It was a quixotic quest that Chris Algieri and trainers Tim Lane and Keith Trimble set out upon six years ago. They were aliens from the martial arts world with designs on making a boxing champion out of a suburban college kid whose first bout was his pro debut at the age of 24.
When they first ventured into traditional boxing gyms in search of sparring partners, Trimble recognized the rampant disdain for his "pretty boy" fighter. "Chris looks like a European model," Trimble said. "They think, 'Kickboxer? Yeah, I'll spar with him.' Afterwards, every single time earlier in his career, it was 'How did you do in the Gloves?' He gained everybody's respect real fast."
Of course, Algieri never had amateur bouts in the Golden Gloves because he was busy winning two world kickboxing titles. But his first love always has been boxing, and since that's where the money and fame were, he turned pro in 2008 and enlisted the help of Lane and Trimble, both of whom he met as a kickboxer.
Lean years of club fights
For five lean years, they worked the club boxing scene until Algieri made his breakthrough with two improbable upsets earlier this year over contender Emanuel Taylor and WBO light welterweight champion Ruslan Provodnikov. Now, they will realize the dream of a lifetime on Nov. 22 in Macau, China, where they will be in the challenger's corner opposite WBO world welterweight champion Manny Pacquiao.
Recalling the beginning of his partnership with Lane and Trimble, Algieri can't help but smile at how far they've come. "We had no clout," Algieri said. "We were nobodies. We were 'karate guys.' That's what everybody said. 'Karate guys.' So, that time was tough. We just couldn't get fights."
A bond despite diversity
The three of them came from widely divergent backgrounds, but what they shared as part of the martial arts subculture formed a bond of unstinting respect for each other and determination to see things through together. Lane was the first to enter Algieri's life around 2001. He was a professional kickboxer working under Long Island trainer Robert Mauro, who recommended his 17-year-old amateur student Algieri as a sparring partner.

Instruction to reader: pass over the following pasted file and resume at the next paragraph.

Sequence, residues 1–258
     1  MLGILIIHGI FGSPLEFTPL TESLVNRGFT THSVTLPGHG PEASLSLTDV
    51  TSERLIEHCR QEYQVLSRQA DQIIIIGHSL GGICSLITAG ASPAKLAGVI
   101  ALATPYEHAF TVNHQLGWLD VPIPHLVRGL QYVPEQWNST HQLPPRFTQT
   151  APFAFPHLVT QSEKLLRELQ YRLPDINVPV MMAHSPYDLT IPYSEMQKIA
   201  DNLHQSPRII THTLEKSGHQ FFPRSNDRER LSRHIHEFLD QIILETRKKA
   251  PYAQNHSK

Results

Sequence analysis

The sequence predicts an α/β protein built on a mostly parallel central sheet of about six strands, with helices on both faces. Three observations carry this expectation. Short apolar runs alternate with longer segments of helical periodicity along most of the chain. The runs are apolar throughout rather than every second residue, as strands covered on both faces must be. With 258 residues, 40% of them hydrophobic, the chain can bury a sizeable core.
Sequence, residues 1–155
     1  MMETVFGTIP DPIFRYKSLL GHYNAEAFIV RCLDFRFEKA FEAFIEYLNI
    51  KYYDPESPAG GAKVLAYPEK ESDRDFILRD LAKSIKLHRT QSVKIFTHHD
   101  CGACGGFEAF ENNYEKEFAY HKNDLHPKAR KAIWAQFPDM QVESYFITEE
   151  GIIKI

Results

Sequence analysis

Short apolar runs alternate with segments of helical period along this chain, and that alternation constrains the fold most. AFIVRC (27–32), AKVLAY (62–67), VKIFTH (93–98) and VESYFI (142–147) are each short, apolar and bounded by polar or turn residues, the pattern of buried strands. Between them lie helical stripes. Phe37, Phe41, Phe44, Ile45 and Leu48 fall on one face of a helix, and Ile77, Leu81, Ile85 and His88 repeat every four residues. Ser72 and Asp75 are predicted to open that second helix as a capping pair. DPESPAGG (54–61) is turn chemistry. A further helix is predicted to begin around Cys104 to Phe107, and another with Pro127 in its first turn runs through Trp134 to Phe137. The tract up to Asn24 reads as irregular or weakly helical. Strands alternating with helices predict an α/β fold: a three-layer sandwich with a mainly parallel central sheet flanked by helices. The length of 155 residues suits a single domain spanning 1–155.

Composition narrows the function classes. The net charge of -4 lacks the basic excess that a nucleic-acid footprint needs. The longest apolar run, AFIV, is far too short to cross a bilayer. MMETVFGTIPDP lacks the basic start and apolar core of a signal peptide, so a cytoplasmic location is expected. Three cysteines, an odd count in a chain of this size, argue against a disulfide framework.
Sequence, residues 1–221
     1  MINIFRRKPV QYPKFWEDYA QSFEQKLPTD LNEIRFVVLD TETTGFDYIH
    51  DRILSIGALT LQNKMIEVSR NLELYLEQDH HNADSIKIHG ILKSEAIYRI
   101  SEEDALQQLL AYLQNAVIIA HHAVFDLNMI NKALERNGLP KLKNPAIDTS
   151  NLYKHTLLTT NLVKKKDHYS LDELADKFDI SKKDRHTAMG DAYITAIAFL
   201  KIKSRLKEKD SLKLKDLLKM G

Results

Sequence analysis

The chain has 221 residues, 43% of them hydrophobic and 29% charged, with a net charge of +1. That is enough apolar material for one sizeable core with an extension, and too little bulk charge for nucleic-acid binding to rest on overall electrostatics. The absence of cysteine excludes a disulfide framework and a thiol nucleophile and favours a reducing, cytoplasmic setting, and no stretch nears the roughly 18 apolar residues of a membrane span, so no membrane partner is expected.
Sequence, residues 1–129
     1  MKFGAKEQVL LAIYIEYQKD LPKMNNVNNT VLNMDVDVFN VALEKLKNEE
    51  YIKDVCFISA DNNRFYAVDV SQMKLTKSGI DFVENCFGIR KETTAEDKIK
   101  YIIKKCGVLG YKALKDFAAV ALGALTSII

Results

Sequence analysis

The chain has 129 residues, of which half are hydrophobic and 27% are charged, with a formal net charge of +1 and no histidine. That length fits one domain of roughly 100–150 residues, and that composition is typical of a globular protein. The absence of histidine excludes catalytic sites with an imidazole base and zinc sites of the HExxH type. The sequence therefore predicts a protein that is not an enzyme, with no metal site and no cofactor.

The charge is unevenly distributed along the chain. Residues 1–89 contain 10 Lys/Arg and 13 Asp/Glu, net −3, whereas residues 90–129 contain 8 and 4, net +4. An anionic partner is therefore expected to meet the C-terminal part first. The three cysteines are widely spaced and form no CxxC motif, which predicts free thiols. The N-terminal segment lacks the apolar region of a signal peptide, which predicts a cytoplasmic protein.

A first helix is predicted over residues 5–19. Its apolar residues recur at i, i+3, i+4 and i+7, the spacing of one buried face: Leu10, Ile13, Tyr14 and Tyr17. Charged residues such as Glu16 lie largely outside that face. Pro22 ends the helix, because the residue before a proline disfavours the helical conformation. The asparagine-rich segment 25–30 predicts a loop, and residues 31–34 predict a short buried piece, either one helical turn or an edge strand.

When Lane found Algieri could stand up to the beatings, they began working together on a regular basis. "We spent the next two years sparring," Algieri said. "And we spoke very little. We'd step in the ring, nod heads, warm up and just go at it. Eventually, we started conversing a little bit . . . We come from different walks of life, completely polar, but we've learned a lot from each other."
Lane describes himself as a "redheaded stepchild," who was born in Germany and raised in Virginia -- mainly by a state-run juvenile detention center in his teenage years. "I got into a lot of trouble," Lane said ruefully. "I was sent away for juvenile life. I went in when I was 14 and got out when I was 19. Whenever I got faced with an obstacle, I would turn to my violence. That's all I really knew."
When he got out of the detention facility, Lane said he "hid in the gym" and worked to become a pro kickboxer because he could channel his anger into beating people up while getting cheered and paid for it. He came to New York to seek his fortune and wound up living in an alley behind Gleason's Gym in Brooklyn for a month, spending most of his waking hours from about 6 a.m. to 8 p.m. in the gym.